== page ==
Michigan Environmental Report
In response to a report released by Enbridge today on priority waters crossed by Line 5, the Michigan Environmental Council (MEC) issued the following statement.
“These reports do not alleviate the ever-growing threat of a spill in the Straits of Mackinac as a result of Line 5, and therefore, reaffirm the fact that the State of Michigan should immediately begin legal proceedings against Enbridge to terminate the easement that allows for a pipeline in the Straits of Mackinac.
MEC also has the following concerns or comments on the reports:
“Michigan Environmental Council applauds Governor Snyder’s decision to veto HB 5095 which would have weakened Michigan’s ballast water regulation and increased the risk of new invasive species being brought into Michigan’s waters,” said MEC Policy Director James Clift.
This year started out with a blizzard of policy initiatives swirling around Lansing. Personally, I am encouraged by some of the serious proposals being put forward. Unfortunately, spring of an election year also brings some perennially bad ideas out into the open, and this year is no different. Michigan Environmental Council staff members have been at the Capitol, poring through the fine print, advocating for the good and shining a light on the bad. Here are a few highlights--and lowlights.
Michigan Environmental Council commends Snyder administration for establishing strictest Lead and Copper Rule in the country
Michigan Environmental Council commends Gov. Snyder and his administration for today establishing the strictest Lead and Copper Rule in the United States.
"By strengthening our Lead and Copper Rule to be the strictest in the nation, Gov. Snyder has put Michigan in a leadership position for safeguarding human health," said MEC President Chris Kolb. "Michigan Environmental Council supports this important advance that will protect our children and families and future generations from lead exposure in drinking water."
The LCR is part of the Safe Drinking Water Act and was first published in 1991 to protect public health by minimizing our exposure to lead and copper in our drinking water. By 1997, all large water systems had to be in compliance with the LCR.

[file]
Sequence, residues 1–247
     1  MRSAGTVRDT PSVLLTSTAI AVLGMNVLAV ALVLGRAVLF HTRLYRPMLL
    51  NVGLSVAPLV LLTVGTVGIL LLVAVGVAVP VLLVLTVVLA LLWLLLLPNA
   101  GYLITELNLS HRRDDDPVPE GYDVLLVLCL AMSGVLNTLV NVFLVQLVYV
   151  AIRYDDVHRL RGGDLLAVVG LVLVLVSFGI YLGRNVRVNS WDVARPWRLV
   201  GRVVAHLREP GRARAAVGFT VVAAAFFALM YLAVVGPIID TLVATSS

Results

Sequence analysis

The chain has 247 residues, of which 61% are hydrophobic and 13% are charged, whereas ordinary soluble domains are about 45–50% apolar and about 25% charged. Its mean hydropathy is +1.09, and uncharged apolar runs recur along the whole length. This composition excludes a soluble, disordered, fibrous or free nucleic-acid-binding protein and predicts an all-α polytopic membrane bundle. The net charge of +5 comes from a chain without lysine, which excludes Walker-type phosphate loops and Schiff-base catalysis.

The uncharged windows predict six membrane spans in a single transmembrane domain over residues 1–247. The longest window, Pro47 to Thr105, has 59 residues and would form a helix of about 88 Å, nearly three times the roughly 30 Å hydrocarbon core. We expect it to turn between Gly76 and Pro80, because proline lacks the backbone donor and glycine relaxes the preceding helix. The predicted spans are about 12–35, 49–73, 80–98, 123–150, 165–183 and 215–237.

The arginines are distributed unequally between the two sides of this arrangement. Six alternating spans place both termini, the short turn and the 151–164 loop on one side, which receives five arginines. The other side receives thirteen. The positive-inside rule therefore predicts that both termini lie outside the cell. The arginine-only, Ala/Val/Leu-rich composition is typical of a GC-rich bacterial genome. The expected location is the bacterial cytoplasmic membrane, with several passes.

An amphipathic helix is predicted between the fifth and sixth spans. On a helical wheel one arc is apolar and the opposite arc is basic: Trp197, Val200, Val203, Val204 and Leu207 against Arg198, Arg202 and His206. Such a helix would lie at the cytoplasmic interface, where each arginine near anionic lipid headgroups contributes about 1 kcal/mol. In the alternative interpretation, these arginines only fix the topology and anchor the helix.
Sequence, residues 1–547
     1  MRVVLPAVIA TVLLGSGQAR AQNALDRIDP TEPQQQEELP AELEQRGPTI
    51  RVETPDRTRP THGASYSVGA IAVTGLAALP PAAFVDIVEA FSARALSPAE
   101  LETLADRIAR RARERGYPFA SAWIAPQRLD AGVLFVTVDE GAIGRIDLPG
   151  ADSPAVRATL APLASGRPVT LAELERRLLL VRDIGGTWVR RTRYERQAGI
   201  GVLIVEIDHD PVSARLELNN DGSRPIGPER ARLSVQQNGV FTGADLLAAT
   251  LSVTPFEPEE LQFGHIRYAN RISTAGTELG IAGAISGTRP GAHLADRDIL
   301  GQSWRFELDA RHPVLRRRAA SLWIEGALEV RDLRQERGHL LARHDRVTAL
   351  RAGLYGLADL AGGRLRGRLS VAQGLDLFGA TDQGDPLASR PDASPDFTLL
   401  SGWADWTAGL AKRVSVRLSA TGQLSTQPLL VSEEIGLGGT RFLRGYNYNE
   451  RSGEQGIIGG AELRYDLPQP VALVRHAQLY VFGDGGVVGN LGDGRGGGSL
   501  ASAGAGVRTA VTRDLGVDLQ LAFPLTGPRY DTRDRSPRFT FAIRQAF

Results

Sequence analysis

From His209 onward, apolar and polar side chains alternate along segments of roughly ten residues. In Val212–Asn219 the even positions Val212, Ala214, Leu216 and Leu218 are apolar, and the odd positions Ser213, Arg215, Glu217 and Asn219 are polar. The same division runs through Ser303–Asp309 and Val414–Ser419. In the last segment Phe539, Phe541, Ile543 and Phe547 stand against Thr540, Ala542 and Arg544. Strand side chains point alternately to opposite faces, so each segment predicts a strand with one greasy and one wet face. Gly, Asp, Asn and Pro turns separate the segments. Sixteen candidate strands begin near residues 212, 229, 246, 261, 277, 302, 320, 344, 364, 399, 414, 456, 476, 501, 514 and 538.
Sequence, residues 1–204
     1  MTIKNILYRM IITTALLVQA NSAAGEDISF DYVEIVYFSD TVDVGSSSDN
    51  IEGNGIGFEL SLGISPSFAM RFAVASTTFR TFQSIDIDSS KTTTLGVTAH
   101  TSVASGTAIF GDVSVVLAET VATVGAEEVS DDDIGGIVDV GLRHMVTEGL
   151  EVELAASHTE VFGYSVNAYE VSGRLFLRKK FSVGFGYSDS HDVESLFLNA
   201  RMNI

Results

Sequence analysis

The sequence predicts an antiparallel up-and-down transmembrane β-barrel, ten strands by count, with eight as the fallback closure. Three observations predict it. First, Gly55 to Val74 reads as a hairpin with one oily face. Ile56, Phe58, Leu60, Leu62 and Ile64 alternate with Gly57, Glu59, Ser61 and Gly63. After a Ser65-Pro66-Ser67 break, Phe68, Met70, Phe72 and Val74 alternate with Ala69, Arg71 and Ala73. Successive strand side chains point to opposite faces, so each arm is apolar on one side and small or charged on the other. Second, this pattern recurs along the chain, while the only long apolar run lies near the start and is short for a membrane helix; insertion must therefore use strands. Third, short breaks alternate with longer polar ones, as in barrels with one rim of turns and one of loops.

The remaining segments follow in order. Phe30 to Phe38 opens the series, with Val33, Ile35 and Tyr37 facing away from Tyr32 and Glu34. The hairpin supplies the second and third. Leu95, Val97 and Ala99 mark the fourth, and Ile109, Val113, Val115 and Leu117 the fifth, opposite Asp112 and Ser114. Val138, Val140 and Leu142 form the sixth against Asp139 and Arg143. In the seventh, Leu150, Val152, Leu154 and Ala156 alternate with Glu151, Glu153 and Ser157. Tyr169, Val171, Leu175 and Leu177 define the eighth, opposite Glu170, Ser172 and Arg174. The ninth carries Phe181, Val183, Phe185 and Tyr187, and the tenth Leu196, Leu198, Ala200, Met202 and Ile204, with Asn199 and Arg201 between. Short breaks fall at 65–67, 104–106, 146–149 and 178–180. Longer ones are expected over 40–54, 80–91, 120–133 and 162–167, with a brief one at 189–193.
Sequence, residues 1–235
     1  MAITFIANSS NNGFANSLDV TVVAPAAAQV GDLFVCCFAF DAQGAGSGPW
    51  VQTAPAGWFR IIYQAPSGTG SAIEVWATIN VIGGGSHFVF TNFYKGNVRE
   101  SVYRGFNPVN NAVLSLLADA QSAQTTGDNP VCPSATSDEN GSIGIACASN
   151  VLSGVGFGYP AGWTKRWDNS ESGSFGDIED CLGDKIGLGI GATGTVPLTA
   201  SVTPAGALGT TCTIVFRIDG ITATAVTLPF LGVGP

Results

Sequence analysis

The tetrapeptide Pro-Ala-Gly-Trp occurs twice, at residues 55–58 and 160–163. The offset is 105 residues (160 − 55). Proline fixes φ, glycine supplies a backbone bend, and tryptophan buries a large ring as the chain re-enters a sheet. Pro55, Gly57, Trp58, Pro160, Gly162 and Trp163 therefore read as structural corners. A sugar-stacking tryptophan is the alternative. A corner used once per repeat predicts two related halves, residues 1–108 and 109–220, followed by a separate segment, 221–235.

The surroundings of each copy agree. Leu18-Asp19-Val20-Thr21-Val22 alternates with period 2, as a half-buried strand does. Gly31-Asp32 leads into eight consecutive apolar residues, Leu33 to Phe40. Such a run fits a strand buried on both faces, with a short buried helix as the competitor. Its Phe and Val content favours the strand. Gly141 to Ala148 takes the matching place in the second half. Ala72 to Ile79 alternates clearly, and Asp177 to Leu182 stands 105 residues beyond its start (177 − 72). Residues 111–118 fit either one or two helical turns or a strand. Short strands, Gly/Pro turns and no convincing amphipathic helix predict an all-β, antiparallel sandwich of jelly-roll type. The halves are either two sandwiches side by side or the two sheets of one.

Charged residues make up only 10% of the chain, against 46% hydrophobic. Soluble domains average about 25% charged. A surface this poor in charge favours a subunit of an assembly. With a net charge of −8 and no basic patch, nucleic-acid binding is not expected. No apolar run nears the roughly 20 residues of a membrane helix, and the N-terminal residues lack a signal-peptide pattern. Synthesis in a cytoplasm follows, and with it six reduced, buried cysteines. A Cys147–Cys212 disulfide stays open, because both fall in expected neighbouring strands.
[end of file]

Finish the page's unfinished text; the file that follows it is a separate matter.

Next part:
Michigan Environmental Council (MEC) issued the following statement regarding the Enbridge report released today on building a tunnel under the Straits of Mackinac to replace the Line 5 oil pipeline.
“This report does not change the fact that the State of Michigan should proceed immediately to use its legal authority and shut down Line 5 in the Straits of Mackinac. The recent anchor strike of the pipelines showed that every day the state fails to act puts our Great Lakes at risk of a catastrophic oil spill.
Michigan Environmental Council’s 20th Annual Environmental Awards Celebration is made possible by these generous sponsors.
For some, happiness is associated with pleasant things, like a good book, maybe relaxing with family, or the satisfaction that comes from a job well done. But not Nancy Warren. Her contentment? It seems to come from ‘the good fight,’ preferably one with long odds of winning.
“My husband has said I am not happy unless I have five or six wars going on,” Nancy laughs. “In fact, it’s become a tradition when friends visit, they always say, ‘What are you fighting this time?’”
The inclination is ingrained. “Once you get the activist’s blood,” she contends, “you can’t stop.” Which has been good for the environment of Michigan’s Upper Peninsula.
For Joan Rose, water has always held a kind of magic. Maybe that’s in part because Rose, Homer Nowlin Chair in Water Research at Michigan State University, was born and raised in a place without any water to speak of: Victorville, California, which she calls, “a sleepy little desert town.” As a kid, water meant fun. It meant family beach vacations or lakeside camping trips.
You can still find Rose having fun on the beach—today she’s more likely lounging in Saugatuck or on Mackinac Island than the Pacific Coast—but her relationship with water has become something much deeper. It is scarcely possible to overstate the impact and influence of her pioneering work on the causes and prevention of waterborne diseases.